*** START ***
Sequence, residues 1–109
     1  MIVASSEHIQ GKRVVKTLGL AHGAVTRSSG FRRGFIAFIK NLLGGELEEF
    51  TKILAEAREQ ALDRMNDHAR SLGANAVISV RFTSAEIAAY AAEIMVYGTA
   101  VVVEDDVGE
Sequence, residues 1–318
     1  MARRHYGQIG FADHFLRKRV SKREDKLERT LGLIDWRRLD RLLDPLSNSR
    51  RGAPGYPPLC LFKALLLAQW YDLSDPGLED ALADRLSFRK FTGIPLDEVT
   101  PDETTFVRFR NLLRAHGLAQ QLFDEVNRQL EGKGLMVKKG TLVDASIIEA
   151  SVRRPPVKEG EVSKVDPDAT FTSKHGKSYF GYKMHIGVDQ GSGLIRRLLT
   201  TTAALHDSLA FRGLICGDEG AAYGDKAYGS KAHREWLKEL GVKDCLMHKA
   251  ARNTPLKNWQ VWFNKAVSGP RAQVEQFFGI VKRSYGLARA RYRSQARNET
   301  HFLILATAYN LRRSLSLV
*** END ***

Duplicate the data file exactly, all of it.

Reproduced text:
Sequence, residues 1–109
     1  MIVASSEHIQ GKRVVKTLGL AHGAVTRSSG FRRGFIAFIK NLLGGELEEF
    51  TKILAEAREQ ALDRMNDHAR SLGANAVISV RFTSAEIAAY AAEIMVYGTA
   101  VVVEDDVGE
Sequence, residues 1–318
     1  MARRHYGQIG FADHFLRKRV SKREDKLERT LGLIDWRRLD RLLDPLSNSR
    51  RGAPGYPPLC LFKALLLAQW YDLSDPGLED ALADRLSFRK FTGIPLDEVT
   101  PDETTFVRFR NLLRAHGLAQ QLFDEVNRQL EGKGLMVKKG TLVDASIIEA
   151  SVRRPPVKEG EVSKVDPDAT FTSKHGKSYF GYKMHIGVDQ GSGLIRRLLT
   201  TTAALHDSLA FRGLICGDEG AAYGDKAYGS KAHREWLKEL GVKDCLMHKA
   251  ARNTPLKNWQ VWFNKAVSGP RAQVEQFFGI VKRSYGLARA RYRSQARNET
   301  HFLILATAYN LRRSLSLV